Some wore shirts with an image of President Trump as the Monopoly mascot hauling a bag of money. Others taunted the president with signs that said they would show him their taxes, if he showed them his. And in front of a few thousand people on the lawn of the U.S. Capitol there stood an oversized inflatable chicken with hair resembling Trump’s, suggesting the president is “too chicken” to release his taxes to the public.
From Seattle to the District, protesters gathered in cities throughout the country Saturday calling on President Trump to release his personal tax returns as part of a nationwide Tax March. The protest falls on the country’s traditionally recognized deadline to file taxes, April 15.
In all, dozens of protests occurred throughout the country. The main march unfolded in the nation’s capital, where protesters gathered for a rally in front of the Capitol and then marched west along Pennsylvania Avenue. In South Florida, activists marched to Trump’s Mar-a-Lago resort, where the president is staying this weekend. Thousands more gathered at a large Tax Day March in New York City, where activists, comedians and a state senator spoke. Many of the protests displayed the inflatable chicken, a mascot of sorts for the march.
Presidents are not required to release their tax returns but have done so voluntarily dating to the 1970s.
In the nation’s capital, the crowd was mostly filled with locals in the region and Spring Break tourists, some of whom purposely planned their trips to coincide with the march.
C.J. Ingram, a D.C. resident in her 50s who works in a funeral home, attended the march, her first protest during Trump’s presidency.
“I’m really mad because he made Barack Obama produce his birth certificate, and he’s not even producing his tax returns,” Ingram said. “Come on, really? What are you hiding?”
Trump has refused to release his tax returns, stating that he has been under audit. Asked for comment Thursday on the Tax March, the White House referred to comments earlier this week from press secretary Sean Spicer, who repeated that Trump is under an IRS audit, but indicated the president has been transparent with his finances.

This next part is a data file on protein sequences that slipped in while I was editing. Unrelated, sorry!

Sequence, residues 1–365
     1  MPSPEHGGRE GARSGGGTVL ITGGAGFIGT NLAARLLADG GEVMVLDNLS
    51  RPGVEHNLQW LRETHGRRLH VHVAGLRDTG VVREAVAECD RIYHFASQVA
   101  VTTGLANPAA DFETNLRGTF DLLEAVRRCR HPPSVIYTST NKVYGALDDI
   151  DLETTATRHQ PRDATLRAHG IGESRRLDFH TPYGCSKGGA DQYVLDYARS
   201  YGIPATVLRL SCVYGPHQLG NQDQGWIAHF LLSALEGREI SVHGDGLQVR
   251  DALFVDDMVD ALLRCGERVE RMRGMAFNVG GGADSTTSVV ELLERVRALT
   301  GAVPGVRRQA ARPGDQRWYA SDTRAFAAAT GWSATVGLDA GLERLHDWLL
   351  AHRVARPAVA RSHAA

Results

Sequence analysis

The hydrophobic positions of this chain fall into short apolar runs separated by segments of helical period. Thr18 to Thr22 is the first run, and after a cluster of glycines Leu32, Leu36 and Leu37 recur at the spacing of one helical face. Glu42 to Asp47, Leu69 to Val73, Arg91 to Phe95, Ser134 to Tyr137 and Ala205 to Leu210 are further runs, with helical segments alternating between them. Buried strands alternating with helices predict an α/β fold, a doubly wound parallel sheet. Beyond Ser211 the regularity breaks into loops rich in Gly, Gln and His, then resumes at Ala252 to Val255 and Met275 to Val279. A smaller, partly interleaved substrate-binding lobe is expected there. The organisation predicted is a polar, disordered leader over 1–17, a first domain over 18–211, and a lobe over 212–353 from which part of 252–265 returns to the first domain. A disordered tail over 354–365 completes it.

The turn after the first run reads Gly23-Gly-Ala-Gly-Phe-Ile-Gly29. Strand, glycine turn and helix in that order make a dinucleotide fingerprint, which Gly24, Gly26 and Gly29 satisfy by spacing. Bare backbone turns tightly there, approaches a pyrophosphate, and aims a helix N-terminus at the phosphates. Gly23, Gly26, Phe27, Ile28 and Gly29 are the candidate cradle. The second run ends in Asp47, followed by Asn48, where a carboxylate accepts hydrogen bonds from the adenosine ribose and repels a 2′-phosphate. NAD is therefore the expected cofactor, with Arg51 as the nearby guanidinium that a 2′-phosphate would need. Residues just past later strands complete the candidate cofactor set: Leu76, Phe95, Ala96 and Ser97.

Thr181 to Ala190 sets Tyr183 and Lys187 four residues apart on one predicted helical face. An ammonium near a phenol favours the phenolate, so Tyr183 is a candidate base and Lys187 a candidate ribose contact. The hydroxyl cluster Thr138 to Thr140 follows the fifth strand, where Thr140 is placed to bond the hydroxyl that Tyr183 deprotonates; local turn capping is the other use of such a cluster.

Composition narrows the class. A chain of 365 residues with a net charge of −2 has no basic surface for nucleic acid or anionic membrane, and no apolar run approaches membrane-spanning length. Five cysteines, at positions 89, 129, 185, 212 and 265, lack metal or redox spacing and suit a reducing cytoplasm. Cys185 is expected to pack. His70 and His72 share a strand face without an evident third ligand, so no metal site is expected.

In the District, a lineup of speakers included Sen. Ron Wyden (D-Ore.), Rep. Maxine Waters (D-Calif.) and Rep. Jamie B. Raskin (D-Md.) and others. The speakers derided the president, and called on him to act ethically and read the Constitution.
“Releasing your tax returns is lowest ethical bar for a president,” Wyden said. “And we’re going to make sure he clears that hurdle.”
Raskin implored Trump for acting like a king, instead of an elected president.
“In America, no one is above the law, and all of us are subject to it,” the Maryland congressman said. “If you don’t release your taxes, we have no way of knowing if you are putting America first, or Donald Trump first.”
Tom Kelleher, 64, was visiting from California and carried a sign pointing out that even Nixon, who resigned the presidency in disgrace, released his taxes. Other signs suggested that the president is refusing to release his taxes because it would link him to Russia.
As they marched, some in the crowd chanted “Hey, Hey we want to see your Schedule A” –a reference to a tax form used to itemize deductions.
Jennifer Taub, a professor at Vermont Law School, said the purpose of the march is also call on lawmakers to pass tax reforms that don’t only benefit the richest Americans. And, of course, she said she hopes citizens can compel the president to release his taxes to ensure he has no conflicts of interest.
“I do care about his taxes. I care about transparency and conflict of interest,” Taub said in an interview last week. “I think it’s important for us, we the people, to express First Amendment rights and say we want to see them.”